Former CJ wrong on consent in Garcia case | Inquirer Opinion

Former CJ wrong on consent in Garcia case

/ 01:47 AM May 23, 2011

WITH ALL due respect, I am compelled to disagree with the May 15 column of former Chief Justice Artemio V. Panganiban, wherein he concluded:
“Since the consent of the offended party—the State whose name is the Republic of the Philippines—was not obtained, then the plea bargain agreement is void. Neither the OMB nor the SBN can give that consent for the Republic. Only the President (or his representative) can.”

The issue of the plea bargain of retired Maj. Gen. Carlos Garcia before the Sandiganbayan is inherently a judicial matter. Under the constitutional doctrine of separation of powers, the President cannot interfere during the trial of a criminal case. The State (People of the Philippines), or the Office of the President, is rightfully represented by public/special prosecutors during the trial stage, and by the Office of the Solicitor General when a case is appealed to the Court of Appeals or the Supreme Court. In the Garcia case, the plea bargain agreement was jointly presented by the accused and the government prosecutors. Hence, the trial court had the right to rule on it. In City Fiscal of Tacloban v. Espina (166 SCRA 614), the Supreme Court ruled:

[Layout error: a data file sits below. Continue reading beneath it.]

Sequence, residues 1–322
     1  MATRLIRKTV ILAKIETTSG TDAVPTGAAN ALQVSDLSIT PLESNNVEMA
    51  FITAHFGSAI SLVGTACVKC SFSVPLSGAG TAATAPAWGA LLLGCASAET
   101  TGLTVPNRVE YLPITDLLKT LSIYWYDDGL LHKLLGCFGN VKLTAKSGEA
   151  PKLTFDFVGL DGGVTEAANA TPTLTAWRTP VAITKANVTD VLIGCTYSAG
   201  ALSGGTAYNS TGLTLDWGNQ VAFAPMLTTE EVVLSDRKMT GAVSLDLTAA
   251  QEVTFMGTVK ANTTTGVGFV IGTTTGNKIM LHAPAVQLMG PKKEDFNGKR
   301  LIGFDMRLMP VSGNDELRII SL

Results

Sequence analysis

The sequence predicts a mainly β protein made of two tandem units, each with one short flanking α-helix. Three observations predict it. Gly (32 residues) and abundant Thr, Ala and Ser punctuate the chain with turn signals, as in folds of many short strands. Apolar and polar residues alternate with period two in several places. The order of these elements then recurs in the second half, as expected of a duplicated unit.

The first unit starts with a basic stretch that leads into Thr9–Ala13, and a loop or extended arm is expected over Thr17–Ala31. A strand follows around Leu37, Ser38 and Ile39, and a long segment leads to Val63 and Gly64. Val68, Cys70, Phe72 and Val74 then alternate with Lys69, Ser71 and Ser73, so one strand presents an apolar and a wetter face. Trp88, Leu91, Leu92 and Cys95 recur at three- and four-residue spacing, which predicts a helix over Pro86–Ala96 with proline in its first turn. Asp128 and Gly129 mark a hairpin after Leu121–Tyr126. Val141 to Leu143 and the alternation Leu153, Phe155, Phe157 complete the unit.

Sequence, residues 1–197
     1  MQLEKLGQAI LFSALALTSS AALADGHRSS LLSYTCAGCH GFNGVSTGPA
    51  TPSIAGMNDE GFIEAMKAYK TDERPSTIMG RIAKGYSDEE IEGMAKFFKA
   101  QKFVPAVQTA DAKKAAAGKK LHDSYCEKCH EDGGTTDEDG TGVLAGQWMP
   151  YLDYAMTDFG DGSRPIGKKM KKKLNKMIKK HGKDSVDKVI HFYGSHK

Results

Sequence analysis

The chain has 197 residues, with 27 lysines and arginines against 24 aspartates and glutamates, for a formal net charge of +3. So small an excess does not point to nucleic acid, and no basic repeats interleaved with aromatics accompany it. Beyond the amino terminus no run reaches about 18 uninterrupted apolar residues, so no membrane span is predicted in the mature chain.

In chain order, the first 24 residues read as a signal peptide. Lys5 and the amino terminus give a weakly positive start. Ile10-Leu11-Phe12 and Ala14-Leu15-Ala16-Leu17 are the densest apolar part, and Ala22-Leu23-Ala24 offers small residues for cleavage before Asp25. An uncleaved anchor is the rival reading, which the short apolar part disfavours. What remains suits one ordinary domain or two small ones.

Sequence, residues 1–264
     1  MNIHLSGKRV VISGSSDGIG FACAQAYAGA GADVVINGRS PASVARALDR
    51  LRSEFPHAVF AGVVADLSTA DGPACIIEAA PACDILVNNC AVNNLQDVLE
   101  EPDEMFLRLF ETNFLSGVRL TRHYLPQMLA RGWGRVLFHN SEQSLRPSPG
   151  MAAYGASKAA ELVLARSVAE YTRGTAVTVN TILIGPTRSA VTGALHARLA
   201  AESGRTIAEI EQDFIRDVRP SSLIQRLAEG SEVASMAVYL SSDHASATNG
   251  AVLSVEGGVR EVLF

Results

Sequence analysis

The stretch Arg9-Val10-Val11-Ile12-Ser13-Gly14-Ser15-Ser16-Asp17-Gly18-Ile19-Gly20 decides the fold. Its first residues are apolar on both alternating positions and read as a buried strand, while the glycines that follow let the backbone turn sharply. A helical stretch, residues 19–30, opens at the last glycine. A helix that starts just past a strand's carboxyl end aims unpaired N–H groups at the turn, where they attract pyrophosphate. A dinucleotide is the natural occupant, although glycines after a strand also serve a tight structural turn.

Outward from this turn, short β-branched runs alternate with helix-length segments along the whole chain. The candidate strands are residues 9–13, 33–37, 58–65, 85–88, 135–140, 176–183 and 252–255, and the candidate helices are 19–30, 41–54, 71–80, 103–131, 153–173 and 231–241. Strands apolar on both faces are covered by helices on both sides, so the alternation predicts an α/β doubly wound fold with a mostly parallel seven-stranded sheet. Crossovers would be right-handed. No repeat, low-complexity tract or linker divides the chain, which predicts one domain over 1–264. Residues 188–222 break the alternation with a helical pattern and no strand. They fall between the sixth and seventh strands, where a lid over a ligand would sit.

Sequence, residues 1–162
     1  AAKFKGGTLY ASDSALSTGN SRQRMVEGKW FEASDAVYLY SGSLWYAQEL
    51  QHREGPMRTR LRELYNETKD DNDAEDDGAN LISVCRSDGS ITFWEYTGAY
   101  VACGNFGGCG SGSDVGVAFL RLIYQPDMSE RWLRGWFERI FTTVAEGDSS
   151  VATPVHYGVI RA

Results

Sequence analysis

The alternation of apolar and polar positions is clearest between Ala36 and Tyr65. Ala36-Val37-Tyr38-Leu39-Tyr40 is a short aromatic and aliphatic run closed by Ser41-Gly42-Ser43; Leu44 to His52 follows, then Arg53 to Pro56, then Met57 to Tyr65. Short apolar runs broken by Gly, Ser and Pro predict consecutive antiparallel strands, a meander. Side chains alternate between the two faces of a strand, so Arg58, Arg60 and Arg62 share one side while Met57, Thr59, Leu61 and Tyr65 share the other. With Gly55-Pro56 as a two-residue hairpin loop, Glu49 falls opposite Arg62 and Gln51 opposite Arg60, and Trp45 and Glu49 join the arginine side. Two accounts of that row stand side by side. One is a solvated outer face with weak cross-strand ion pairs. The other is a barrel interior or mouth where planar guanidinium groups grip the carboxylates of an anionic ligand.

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“Under Section 5, Rule 110 of the Rules of Court all criminal actions commenced by complaint or information shall be prosecuted under the direction and control of the fiscal. (In the Sandiganbayan, the ombudsman or the special prosecutors.) The fiscal represents the People of the Philippines in the prosecution of offenses before the trial courts at the metropolitan trial courts, municipal trial courts, municipal circuit trial courts and the regional trial courts. However, when such criminal actions are brought to the Court of Appeals or this Court, it is the Solicitor General who must represent the People of the Philippines not the fiscal.”

—BONIFACIO A. ALENTAJAN,
Alentajan Law Office,
[email protected]

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TAGS: Crime and Law and Justice, Graft & Corruption, Maj. Gen. Carlos Garcia, Military, plea bargain
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